The idea of “catching cancer” is pretty horrifying, right? Cancer is devastating as it is, but the idea of the disease being contagious is hard to imagine. There are certain viruses, such as Human Papillomavirus (HPV) and Kaposi’s sarcoma-associated herpesvirus, that can cause cancer in humans but to date, there has been no evidence that human tumor cells themselves are contagions. Traditionally, cancer is thought to be the result of host cells mutating to grow continuously into tumors that become malignant. However, a recent Cell paper reported that a leukemia-like cancer that has been observed in marine bivalves since the 1970s is transmitted among individuals by the tumor cells themselves.
Although this cancer in marine bivalves has been observed for decades, the origin and method of spread among populations remained unknown. The investigators of this current study previously identified a DNA segment that is highly expressed in tumor cells of clams. Taking advantage of this identified sequence, the Columbia University-based team performed genetic analyses to reveal that tumor cells isolated from diseased individuals did not match other cells from the same host, indicating that tumor cells are not related to the other cells of their host. On the contrary, the investigators astoundingly found that all of the clam leukemia cells are nearly identical to each other. The investigators looked at samples collected from all over the eastern seaboard, and their results remained consistent. That means that this cancer derived from one individual and spreads by clonal transmissible cells that devastate clam populations along the east coast. This “patient zero” remains unknown.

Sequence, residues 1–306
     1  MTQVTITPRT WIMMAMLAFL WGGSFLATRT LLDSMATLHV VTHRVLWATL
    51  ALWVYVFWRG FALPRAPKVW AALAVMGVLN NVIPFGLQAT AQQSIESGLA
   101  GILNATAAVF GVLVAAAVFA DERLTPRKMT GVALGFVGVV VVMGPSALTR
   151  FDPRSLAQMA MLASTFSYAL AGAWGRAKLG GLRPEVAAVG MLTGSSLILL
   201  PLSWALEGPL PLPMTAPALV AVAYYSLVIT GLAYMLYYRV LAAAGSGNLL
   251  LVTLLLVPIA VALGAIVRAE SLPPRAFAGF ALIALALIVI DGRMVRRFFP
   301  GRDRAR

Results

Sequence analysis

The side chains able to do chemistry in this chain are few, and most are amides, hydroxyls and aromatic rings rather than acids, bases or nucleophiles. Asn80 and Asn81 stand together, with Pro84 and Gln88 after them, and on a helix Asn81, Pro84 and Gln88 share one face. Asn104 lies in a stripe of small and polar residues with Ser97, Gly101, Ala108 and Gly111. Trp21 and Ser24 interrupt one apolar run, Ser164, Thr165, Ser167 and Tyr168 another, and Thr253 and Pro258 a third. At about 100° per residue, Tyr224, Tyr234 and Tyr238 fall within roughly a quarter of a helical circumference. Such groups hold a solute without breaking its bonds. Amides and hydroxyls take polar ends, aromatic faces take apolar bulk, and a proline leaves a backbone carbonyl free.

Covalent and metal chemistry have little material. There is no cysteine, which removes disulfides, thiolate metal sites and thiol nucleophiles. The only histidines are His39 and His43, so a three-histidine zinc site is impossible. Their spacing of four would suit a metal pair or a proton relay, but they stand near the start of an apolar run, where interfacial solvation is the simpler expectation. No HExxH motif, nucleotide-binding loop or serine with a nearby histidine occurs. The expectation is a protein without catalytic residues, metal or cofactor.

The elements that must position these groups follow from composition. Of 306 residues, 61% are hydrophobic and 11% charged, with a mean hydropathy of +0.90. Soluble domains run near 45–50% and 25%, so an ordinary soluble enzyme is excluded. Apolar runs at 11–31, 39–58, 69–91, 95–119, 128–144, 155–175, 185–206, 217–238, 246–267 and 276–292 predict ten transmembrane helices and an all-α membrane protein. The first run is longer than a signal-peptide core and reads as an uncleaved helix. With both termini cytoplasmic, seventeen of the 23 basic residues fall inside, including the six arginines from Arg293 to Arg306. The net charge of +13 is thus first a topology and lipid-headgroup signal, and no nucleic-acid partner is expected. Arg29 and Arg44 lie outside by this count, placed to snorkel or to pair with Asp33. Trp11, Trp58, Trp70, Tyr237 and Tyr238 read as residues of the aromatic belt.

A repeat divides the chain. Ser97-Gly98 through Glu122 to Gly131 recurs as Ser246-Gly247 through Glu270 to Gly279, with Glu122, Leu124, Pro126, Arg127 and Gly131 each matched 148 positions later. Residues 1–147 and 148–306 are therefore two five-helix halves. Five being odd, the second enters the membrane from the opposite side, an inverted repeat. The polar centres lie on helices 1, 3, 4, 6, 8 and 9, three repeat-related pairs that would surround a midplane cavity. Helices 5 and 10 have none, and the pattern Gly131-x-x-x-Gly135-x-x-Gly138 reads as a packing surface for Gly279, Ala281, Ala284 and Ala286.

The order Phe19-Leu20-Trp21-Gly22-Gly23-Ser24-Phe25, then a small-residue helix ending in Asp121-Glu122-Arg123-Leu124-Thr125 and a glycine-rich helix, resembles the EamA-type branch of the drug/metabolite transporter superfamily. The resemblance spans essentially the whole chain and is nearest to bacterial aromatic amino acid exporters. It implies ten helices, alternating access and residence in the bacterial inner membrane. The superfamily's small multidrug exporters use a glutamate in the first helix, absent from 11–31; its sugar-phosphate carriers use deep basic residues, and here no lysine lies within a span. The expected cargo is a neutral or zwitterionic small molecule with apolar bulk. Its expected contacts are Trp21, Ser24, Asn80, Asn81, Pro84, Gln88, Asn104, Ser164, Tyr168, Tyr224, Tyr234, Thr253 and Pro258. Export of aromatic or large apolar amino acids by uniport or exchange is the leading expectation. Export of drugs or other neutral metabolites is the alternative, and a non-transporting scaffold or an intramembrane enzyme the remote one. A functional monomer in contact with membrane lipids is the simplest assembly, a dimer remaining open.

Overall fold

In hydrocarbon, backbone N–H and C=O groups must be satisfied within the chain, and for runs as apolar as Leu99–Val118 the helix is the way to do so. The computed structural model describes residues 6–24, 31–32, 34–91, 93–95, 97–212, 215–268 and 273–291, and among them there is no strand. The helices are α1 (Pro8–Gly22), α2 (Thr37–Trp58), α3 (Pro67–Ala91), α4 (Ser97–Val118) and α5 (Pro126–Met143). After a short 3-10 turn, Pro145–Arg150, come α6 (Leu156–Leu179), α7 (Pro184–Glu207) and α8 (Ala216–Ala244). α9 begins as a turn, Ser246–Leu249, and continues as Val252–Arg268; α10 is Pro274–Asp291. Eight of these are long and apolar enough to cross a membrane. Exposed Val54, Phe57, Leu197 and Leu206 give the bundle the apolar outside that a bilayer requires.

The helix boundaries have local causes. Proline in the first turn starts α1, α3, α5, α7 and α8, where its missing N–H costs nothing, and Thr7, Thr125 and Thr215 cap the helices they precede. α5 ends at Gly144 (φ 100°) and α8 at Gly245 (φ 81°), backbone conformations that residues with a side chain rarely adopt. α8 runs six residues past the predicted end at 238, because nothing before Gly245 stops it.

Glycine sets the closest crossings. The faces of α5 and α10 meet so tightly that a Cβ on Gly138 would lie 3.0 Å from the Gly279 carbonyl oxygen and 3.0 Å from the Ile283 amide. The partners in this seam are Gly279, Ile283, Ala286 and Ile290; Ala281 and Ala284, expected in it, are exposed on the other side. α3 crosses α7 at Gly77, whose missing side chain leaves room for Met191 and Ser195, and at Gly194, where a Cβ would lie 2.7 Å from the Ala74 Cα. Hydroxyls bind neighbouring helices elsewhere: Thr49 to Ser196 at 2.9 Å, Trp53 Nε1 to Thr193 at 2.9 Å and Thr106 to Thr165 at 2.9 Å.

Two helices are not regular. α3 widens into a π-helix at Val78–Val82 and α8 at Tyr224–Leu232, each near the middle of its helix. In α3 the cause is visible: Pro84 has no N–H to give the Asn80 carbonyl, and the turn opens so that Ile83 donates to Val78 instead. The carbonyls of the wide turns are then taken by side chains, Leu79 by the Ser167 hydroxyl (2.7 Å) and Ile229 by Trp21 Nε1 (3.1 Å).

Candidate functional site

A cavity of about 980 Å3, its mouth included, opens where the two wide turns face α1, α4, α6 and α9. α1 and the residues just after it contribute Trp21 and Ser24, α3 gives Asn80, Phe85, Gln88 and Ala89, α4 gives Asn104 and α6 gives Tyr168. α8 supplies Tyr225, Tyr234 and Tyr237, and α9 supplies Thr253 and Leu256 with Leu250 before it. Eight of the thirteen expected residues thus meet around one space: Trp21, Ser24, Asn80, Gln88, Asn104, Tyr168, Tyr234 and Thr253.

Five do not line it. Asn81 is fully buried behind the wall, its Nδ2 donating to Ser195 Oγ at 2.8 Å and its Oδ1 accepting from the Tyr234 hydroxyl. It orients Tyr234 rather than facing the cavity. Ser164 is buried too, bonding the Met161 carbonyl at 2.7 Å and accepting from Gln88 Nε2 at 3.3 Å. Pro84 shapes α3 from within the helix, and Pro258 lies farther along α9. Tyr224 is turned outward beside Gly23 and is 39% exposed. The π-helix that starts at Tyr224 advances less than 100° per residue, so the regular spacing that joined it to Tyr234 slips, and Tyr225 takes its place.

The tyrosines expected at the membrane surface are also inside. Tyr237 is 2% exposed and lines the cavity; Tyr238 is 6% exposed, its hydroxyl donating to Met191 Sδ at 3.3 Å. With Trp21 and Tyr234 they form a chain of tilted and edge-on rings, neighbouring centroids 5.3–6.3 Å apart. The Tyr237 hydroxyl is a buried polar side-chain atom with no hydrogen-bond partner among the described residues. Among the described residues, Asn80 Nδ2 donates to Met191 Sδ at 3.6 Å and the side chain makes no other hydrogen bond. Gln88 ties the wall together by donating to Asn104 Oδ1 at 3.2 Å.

Clams are not the only organism threatened by contagious forms of cancer. Tasmanian facial tumor disease has already knocked out the vast majority of Tasmanian devil populations. Tasmanian devils are actually quite different from how you may remember tornado-spinning Taz from the Looney Tunes. Now only found on the Australian island of Tasmania, Tasmanian devils are carnivorous marsupials known for being smelly, sharp, and vicious. First observed in the late 1990s, Tasmanian facial tumor disease results, as the name implies, in facial tumors that grow to become fatal to those infected. The vicious quality of this animal is what makes the most plausible mean of transmission of cancerous cells between individuals biting. Models predict that this disease could lead to the extinction of the Tasmanian devil in the next few decades, and researchers are eager to develop diagnostic tools and containment plans to preserve the few remaining individuals of this species rapidly shrinking in size.
 Michael J. Metzger, Carol Reinisch, James Sherry, Stephen P. Goff. Horizontal Transmission of Clonal Cancer Cells Causes Leukemia in Soft-Shell Clams. Cell, 2015; 161 (2): 255
 McCallum, H. 2008. Tasmanian devil facial tumour disease: lessons for conservation biology. Trends in Ecology and Evolution 23:631–637.